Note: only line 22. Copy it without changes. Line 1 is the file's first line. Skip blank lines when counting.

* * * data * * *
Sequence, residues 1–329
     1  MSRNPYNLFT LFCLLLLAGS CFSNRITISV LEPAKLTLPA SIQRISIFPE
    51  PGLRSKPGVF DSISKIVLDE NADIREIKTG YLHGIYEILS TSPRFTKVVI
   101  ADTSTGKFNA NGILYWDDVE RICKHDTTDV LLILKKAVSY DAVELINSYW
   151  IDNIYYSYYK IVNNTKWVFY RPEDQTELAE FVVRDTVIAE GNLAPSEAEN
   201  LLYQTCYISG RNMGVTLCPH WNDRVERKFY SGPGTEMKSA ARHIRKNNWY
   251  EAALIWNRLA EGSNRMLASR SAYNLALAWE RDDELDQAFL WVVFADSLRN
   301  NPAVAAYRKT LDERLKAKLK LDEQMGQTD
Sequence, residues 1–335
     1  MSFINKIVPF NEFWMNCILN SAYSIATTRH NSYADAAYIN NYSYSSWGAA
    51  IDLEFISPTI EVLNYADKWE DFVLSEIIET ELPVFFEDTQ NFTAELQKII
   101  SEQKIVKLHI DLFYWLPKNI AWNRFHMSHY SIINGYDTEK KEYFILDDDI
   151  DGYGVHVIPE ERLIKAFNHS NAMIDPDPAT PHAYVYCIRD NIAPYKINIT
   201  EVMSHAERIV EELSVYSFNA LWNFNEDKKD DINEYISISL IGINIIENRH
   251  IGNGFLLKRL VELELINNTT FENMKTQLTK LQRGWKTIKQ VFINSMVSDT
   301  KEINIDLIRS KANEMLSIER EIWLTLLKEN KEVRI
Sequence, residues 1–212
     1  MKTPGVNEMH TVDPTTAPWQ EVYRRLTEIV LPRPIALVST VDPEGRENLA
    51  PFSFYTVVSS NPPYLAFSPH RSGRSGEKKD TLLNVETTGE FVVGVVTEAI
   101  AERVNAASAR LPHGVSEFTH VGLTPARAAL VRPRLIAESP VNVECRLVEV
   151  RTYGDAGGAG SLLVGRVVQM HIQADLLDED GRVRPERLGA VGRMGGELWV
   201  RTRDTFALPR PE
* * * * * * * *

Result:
   201  RTRDTFALPR PE